So you’re strolling down the hallway, headed back to your apartment on an ordinary autumn day. You notice that your apartment door is wide open, but it doesn’t faze you as you go on imagining what kind of delicious, multi-layered sandwich you’re about to make. You turn to walk through the doorway, when all of a sudden you’re confronted with a turkey-headed monster wearing giant sunglasses and a tiny red fez hat. So, naturally, you scream bloody murder and break into a full-on sprint back down the hallway. Just a normal day in the life, right?
Well, if you’re fortunate enough to be a fictional character living in the kooky world of sitcoms, strange is the status quo. Though these shows do try to act as reflections of the real world, television writers have the power to take everyday situations and make them just weird enough to leave you wondering: How many bizarre events can happen to one group of people in such a short span of time? while simultaneously making them endearing enough to be relatable.
Sitcoms, or situational comedies, originated in the form of radio shows in the 1920s and progressed onto the silver screen in the 1940s, solidifying the format for decades to come. While sitcoms are commonly known to take place in one specific setting, or “situation”—such as Lucy and Desi’s house in the popular 1950s sitcom “I Love Lucy,” or Dunder Mifflin Paper Co. in “The Office”—these shows are known for taking their given situation and flipping it on its head, creating a hilarious (and often heartfelt) version of our reality.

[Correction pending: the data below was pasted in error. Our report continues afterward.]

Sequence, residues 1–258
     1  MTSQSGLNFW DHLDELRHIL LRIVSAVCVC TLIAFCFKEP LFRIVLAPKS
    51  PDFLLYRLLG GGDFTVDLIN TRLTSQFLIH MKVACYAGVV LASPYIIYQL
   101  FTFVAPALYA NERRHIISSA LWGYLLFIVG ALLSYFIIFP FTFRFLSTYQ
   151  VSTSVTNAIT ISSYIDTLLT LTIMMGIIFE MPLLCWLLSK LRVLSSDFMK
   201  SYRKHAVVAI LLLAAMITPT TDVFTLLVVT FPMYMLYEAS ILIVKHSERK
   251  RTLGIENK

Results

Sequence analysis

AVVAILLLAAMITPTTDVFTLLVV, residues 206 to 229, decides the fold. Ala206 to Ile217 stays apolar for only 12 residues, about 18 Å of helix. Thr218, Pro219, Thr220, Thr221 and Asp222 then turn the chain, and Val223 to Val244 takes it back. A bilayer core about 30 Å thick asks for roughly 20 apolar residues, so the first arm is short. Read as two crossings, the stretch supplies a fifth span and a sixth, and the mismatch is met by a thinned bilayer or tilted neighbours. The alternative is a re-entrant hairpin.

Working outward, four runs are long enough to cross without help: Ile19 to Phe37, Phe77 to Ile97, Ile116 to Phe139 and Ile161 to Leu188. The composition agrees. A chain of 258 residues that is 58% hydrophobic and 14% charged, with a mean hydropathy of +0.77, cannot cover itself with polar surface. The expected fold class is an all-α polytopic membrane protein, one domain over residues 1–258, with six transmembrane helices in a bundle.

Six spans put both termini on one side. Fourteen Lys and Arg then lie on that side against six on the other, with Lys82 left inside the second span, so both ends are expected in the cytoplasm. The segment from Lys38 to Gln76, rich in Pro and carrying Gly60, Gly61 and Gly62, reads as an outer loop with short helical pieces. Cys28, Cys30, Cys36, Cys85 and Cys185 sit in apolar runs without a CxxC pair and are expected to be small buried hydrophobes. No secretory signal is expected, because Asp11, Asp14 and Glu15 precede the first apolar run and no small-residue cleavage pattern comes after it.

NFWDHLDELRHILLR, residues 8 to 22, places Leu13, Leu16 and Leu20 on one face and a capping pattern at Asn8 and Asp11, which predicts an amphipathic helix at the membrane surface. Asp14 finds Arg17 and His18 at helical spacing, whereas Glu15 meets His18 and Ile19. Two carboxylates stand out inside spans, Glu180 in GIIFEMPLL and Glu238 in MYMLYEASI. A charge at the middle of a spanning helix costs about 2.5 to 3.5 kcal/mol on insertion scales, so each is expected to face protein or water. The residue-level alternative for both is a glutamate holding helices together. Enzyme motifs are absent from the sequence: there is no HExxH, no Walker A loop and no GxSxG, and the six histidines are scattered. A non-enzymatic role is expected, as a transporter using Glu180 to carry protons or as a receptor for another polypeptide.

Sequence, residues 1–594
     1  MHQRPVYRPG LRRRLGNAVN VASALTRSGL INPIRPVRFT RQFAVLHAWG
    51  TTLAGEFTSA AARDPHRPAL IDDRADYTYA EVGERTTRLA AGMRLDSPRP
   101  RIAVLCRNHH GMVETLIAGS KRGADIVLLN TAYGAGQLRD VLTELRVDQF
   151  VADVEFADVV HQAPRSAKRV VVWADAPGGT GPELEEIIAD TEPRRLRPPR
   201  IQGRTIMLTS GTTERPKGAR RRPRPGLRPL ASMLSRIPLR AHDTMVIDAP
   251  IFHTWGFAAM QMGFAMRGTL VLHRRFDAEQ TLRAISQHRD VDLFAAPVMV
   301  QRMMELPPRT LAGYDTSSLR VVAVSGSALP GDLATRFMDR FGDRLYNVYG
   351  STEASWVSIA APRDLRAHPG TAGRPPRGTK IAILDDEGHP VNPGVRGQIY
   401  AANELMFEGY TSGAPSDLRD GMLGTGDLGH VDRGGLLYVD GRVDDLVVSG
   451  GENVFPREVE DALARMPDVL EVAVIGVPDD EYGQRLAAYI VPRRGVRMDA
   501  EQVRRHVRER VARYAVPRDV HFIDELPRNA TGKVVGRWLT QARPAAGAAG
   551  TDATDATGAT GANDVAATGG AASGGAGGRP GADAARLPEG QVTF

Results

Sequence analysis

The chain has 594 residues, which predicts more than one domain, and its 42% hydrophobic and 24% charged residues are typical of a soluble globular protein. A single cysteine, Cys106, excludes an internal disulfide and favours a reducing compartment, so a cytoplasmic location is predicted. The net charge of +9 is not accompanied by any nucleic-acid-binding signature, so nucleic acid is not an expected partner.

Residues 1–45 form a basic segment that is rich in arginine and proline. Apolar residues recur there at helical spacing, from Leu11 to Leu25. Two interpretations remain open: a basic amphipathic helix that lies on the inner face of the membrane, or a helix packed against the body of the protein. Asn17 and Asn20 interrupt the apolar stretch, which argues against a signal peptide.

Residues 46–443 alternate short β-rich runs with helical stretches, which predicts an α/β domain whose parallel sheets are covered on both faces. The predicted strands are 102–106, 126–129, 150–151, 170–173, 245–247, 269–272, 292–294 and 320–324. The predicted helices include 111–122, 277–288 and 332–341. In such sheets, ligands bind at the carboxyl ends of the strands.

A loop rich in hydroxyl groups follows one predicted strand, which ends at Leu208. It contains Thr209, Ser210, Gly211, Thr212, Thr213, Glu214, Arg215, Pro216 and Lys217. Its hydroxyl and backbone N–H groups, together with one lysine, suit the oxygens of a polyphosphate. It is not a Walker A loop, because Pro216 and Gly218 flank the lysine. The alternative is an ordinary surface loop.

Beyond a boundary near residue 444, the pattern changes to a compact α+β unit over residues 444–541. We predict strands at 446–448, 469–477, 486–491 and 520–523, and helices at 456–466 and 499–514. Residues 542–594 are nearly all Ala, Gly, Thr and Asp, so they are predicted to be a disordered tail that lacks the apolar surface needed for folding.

Sitcoms fully embrace how messed-up, fun, complicated and totally weird life can be. The unusual situations sitcom characters find themselves in may not always be 100 percent realistic, but it’s in these strange dilemmas that viewers can live vicariously through their favorite characters and glean insight they might otherwise never have seen. After years of sitcom consumption, here are four of the most important life lessons I’ve learned from these televised fonts of wisdom.
1. It’s okay to trust strangers on Craigslist. – “New Girl”
Jess Day (Zooey Deschanel) took a shot in the dark when she put an ad up on the infamously shady Craigslist to find new roommates in the wake of her live-in boyfriend’s affair. Three guys answered her inquiry — guys who could potentially have been murderers or pervs or sociopaths, had this occurred in real life.
As it turns out, they are weirdos to the extreme (Schmidt has a “Douchebag Jar” and can’t pronounce common words correctly; Nick keeps all his money in a box and wants to be an intergalactic truck driver; Coach yells all the time and is quickly replaced by Winston, who’s obsessed with cats and puzzles), but they’re lovable weirdos. And that makes all the difference.
2. Dispute between friends? Fort-building war. – “Community”
When it comes to putting characters in ridiculous situations, “Community” is in a league of its own. When roommates/imaginary talk show hosts Troy (Donald Glover) and Abed (Danny Pudi) get into a fight about Abed having more control in their friendship, the only rational way to resolve their issues culminates in the form of a fort-building war.